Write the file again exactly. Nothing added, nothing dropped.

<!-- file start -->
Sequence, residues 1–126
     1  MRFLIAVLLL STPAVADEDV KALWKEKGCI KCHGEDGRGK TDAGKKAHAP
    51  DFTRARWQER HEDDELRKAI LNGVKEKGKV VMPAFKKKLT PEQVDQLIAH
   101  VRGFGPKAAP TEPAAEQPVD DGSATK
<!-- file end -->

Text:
Sequence, residues 1–126
     1  MRFLIAVLLL STPAVADEDV KALWKEKGCI KCHGEDGRGK TDAGKKAHAP
    51  DFTRARWQER HEDDELRKAI LNGVKEKGKV VMPAFKKKLT PEQVDQLIAH
   101  VRGFGPKAAP TEPAAEQPVD DGSATK